What kind of paintings are usually sold?


One of the most common ways of selling art is that Commission business. Basically, a commission is understood to mean the execution of a sales transaction by an intermediary, while the actual seller remains in the background. So also in the field of art; the dealer (commission agent or commission taker) takes the work of a collector or artist (commissioner or commission giver) and tries to find a suitable buyer. This is done either in a very targeted manner, in that the dealer presents the work of art to a handpicked selection of potential buyers (private sale) or, for example, presents it to a larger audience at trade fairs and as part of their own exhibitions.

Similar to the art auction, the seller also uses the services of an intermediary here and benefits from his experience and contacts. An important difference between commission and auction, however, is that the commission-wise sale is usually much more discreet than the public marketing within the framework of the auction. In addition, the commission is not tied to a fixed date and ideally the work of art to be sold can also be conveyed within a short period of time. Since the dealer himself does not have to invest any capital to purchase the work of art, his economic risk is reduced in the case of commission, which means that he can offer the seller a better commission price.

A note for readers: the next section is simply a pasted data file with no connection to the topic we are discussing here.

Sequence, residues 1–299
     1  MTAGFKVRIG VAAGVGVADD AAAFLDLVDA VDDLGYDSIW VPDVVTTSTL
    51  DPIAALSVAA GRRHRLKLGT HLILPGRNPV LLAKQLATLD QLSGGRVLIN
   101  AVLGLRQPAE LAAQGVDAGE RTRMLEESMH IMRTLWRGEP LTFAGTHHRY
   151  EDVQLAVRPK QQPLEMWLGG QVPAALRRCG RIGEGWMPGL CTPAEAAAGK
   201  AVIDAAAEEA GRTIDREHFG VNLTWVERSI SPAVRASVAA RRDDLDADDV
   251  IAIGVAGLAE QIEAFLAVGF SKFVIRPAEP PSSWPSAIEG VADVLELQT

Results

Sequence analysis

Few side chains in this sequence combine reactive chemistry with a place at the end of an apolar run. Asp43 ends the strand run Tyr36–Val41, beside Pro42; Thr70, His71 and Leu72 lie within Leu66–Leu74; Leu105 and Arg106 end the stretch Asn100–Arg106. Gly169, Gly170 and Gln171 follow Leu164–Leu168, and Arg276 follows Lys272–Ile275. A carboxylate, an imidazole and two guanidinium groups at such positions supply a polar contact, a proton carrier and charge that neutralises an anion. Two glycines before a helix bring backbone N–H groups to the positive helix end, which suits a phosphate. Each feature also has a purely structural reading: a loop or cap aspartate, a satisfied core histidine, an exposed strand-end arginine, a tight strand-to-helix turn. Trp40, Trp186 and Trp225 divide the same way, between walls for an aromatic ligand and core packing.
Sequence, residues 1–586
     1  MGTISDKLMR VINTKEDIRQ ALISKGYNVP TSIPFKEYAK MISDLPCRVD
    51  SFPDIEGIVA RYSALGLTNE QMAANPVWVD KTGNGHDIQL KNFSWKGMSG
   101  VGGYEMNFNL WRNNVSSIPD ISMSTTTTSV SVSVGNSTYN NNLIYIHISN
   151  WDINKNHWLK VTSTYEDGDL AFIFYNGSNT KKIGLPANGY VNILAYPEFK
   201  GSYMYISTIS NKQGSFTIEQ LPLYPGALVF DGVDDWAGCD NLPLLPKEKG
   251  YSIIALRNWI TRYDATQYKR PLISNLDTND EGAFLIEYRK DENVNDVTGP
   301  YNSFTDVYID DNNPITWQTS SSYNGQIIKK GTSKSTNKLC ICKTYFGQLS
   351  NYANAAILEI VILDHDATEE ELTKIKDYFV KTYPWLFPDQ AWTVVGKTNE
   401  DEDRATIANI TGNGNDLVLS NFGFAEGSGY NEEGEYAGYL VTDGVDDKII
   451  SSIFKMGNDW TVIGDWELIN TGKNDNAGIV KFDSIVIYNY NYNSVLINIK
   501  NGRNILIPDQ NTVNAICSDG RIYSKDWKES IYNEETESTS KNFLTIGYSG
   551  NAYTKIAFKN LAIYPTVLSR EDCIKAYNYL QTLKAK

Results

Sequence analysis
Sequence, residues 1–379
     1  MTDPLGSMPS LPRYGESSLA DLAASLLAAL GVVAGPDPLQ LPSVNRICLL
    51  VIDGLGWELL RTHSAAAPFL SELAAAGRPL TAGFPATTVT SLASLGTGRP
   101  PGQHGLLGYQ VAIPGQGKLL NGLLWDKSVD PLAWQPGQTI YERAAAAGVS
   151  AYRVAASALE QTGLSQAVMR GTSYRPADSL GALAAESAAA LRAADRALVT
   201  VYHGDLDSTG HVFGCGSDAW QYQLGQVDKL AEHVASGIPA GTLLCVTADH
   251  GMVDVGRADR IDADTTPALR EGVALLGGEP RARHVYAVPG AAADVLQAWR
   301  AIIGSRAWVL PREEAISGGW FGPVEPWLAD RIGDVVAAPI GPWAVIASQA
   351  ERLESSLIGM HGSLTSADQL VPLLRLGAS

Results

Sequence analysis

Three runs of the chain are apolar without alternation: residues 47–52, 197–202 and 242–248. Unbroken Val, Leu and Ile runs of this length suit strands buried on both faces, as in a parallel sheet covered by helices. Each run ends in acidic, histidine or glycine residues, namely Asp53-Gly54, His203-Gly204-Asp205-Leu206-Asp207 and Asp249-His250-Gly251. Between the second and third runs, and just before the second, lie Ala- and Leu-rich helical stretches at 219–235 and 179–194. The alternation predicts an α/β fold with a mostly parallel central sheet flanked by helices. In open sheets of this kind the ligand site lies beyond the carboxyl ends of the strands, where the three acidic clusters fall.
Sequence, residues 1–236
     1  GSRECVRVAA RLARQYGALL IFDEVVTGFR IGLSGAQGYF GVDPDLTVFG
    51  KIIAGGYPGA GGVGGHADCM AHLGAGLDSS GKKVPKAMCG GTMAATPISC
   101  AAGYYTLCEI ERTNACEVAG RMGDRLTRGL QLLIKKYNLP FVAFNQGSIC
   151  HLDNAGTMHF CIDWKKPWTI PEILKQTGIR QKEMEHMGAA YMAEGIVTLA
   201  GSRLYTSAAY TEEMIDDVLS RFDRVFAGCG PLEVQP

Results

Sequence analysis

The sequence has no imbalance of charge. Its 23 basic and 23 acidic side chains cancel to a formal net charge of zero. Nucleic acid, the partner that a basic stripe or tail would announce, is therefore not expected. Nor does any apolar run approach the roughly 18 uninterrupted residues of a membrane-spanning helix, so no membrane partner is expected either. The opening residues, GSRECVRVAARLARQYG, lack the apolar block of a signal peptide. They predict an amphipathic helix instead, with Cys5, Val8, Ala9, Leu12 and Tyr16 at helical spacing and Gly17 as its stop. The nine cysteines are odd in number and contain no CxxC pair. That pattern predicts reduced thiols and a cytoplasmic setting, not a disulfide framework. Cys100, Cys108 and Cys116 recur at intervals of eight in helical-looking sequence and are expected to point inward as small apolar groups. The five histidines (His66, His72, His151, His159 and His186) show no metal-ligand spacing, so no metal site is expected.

Two types of commissions

In practice there are two types of commission. At Erste, the commissioner and commissioner agree on a specific sales price for the respective work of art as well as a proportionate commission. The amount of the commission is mostly based on the sales price and is usually between 10% and 50% same. However, there is also the possibility of agreeing a specific commission price. The dealer guarantees the seller a certain amount, which is paid out in the event of a sale. In this scenario, the commission corresponds to that part of the sales proceeds that exceeds the agreed commission price.

Example 1: On the occasion of an exhibition, an artist gives the gallery several works on commission. Both parties jointly agree on a specific commission price per work of € 20,000 and a commission of 40%. As part of the exhibition, the gallery sells three works, which corresponds to a total turnover of € 60,000. Based on the provisions of the commission contract, the artist receives € 36,000 (60%) of sales and the gallery owner a commission of € 24,000 (40%).

Example 2: A private collector commissions an art dealer to sell a painting and gives it to the dealer on commission for this purpose. Both agree a commission price of € 25,000. The dealer decides to offer the work to interested parties for € 35,000 including taxes. In the event of a sale, the seller will in any case receive the € 25,000 promised in the contract. The art dealer's profit results from the difference between the sales price and the commission price minus taxes and other costs such as transport and insurance.

One point that many salespeople underestimate is the selection of a suitable intermediary. In the upper market segment in particular, the target group of potential buyers is very small, but the interest of art brokers is great. However, not all of these providers have the necessary experience and the appropriate network to market top works in the best possible way. It is therefore usually advisable to consult a specialist who has the necessary specialist knowledge and who regularly sells comparable works.